Metro Exodus' sales are 2.5 times better on the Epic Games Store than Metro: Last Light's...

Polycount

TS Evangelist
Staff member

During the company's GDC 2019 presentation, Epic claimed that Metro Exodus sold 2.5 times better on the Epic Games Store than its predecessor, Metro: Last Light, did on Steam.

Despite how impressive that number looks on the surface, it omits quite a bit of important information.

For example, Metro Exodus' marketing budget was likely significantly higher than Last Light's, and the PC gaming community is much larger now than it was back in 2013 (which was when Last Light launched).

Furthermore, it's not surprising for an ambitious sequel in a well-known franchise to outsell previous titles. The Witcher 3, Red Dead Redemption 2, and Grand Theft Auto V's excellent sales numbers are proof of that.

As such, whereas Epic may feel that Exodus' success hasn't been hampered at all by its exclusivity, the company's sales comparison alone doesn't really provide enough concrete information to support that hypothesis.

Had the game launched on both Steam and the Epic Games Store, perhaps Exodus would have sold even better. For now, it's impossible to make a firm conclusion.

In other news, the controversy surrounding Epic's alleged Steam data mining continues to heat up.

For the unaware, users recently discovered that Epic's Game Store client had been quietly copying their Steam localconfig.vdf file behind the scenes for the purpose of friends list importing.

Epic said this was a bug, and the process was only meant to happen after users explicitly agreed to it (the issue has been fixed as of writing; now you have to opt-in for the copying process to begin).

Valve was quick to respond to the situation, claiming that the localconfig.vdf file is "private user data," and "not intended" to be used by other software or 3rd party services at all.

Epic CEO Tim Sweeney has somewhat-amusingly fired back now, noting that since -- by Valve's own admission -- the data is indeed owned by users, they can "do with it as they please."

"[Users] own the data on their hard drive, and if they choose to import it into other programs it's their right," Sweeney said to PC Gamer. "And I think that's the fundamental principle that's at stake."

Regardless of where you stand in the Epic vs. Steam debate, it's clear that the Epic Games Store isn't going anywhere anytime soon. As such, PC gamers should brace for more exclusive games, and perhaps a competitive response from Valve, over the coming months.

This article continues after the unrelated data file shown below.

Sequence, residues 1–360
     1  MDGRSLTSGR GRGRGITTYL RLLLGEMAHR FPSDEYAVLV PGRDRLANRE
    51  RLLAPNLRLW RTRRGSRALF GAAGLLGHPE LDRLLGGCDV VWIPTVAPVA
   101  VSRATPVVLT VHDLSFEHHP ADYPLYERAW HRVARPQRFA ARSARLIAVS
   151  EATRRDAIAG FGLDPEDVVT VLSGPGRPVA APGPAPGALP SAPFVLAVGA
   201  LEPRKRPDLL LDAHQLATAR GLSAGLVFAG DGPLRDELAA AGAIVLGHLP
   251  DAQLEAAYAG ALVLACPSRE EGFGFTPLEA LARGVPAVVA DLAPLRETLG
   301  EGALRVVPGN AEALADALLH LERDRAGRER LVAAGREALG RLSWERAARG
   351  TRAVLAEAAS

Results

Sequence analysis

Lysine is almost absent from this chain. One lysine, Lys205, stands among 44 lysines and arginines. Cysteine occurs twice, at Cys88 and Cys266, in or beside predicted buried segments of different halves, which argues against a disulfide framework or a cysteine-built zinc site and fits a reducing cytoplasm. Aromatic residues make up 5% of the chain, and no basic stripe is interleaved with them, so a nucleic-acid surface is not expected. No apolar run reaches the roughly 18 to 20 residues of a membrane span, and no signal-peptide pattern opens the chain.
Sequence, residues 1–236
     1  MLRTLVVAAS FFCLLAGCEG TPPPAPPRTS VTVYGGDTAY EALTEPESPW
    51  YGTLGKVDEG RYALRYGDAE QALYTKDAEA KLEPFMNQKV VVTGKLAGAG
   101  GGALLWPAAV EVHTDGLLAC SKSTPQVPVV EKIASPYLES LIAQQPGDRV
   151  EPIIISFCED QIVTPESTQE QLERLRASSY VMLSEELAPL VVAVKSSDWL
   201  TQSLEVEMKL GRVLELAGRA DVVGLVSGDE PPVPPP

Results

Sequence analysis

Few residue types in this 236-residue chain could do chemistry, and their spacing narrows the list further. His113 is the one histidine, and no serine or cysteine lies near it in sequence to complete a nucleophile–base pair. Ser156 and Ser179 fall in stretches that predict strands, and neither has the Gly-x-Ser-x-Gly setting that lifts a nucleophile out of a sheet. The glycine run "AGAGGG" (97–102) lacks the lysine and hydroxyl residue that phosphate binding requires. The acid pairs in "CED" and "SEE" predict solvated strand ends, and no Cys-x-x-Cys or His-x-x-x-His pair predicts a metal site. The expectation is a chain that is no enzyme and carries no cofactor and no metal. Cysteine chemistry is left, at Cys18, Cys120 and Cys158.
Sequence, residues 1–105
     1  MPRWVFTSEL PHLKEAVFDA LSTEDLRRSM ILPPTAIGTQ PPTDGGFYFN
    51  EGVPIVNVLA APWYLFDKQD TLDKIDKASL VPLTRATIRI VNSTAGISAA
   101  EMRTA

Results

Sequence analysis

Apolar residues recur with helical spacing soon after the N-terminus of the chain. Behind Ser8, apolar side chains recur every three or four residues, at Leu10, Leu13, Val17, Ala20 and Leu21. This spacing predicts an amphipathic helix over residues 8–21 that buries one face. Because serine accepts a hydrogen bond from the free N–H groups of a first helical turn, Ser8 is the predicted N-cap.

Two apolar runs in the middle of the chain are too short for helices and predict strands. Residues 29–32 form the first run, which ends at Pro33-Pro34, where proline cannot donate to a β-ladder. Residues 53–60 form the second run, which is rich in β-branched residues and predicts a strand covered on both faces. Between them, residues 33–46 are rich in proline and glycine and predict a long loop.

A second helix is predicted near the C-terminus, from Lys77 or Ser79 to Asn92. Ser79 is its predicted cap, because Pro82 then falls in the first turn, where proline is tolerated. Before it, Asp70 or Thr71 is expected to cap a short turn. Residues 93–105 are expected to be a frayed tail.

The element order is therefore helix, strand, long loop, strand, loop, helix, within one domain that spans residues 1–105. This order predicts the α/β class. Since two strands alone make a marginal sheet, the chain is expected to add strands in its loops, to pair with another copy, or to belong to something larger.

Permalink to story.

 

MSIGamer

TS Member
I dont understand why they should be exclusive on epic store only. They will not get the discount rate of 12%????
What will happen if they listed it both on epic and steam with different price due to different fee, which one will be more wanted???
Indeed, the gamer is not getting the better end of this deal.
 

Johan S

TS Rookie
Comparing Metro last light sale released on May 2013 with Exodus on 2019 shows lack of understanding how games distribute. On 2013 games distribute in both physical dan digital equal, so the amount metro last light sold on steam is only part of the sale. Like what ubisoft said on the division 2 which having low on physical sale. At 2,5 amount of sale compare to Metro last light indicate low number of sale because epic took exclusive on digital sale which mean almost all the sale todays done in digital. Epic even plan to sell key which kinda funny bait since they aim exclusive on most AAA games
 

Bp968

TS Booster
I dont understand why they should be exclusive on epic store only. They will not get the discount rate of 12%????
What will happen if they listed it both on epic and steam with different price due to different fee, which one will be more wanted???
Their exclusive on the epic store because epic is *paying them* to be exclusive. Its not just the 12% cut. Epic is approaching these developers and offering them payouts to not distribute on steam.

Its an age old tactic and a dirty one. They are using all that free cash from fortnite to fund an aggressive takeover of the distribution business. They are acting like they are the underdog and doing gamers and developers a favor with the 12% cut but its really just a loss leader. They don't need to make money, and in fact I wouldnt be surprised if their store division is actually losing money right now. They can afford it. Their goal is to peel off a sizable chunk of steams business and lock the gamers in. Then they can offer microtransactions (a monthly fee, a membership, paid cloud storage, etc) or raise their rates, because, "market pressure" etc.

Their goal isn't altruism.
 

H3llion

TechSpot Paladin
Course they would claim that, I bet it's a cherry picking statistics as well as most companies do.
 

fadingfool

TS Addict
Their exclusive on the epic store because epic is *paying them* to be exclusive. Its not just the 12% cut. Epic is approaching these developers and offering them payouts to not distribute on steam.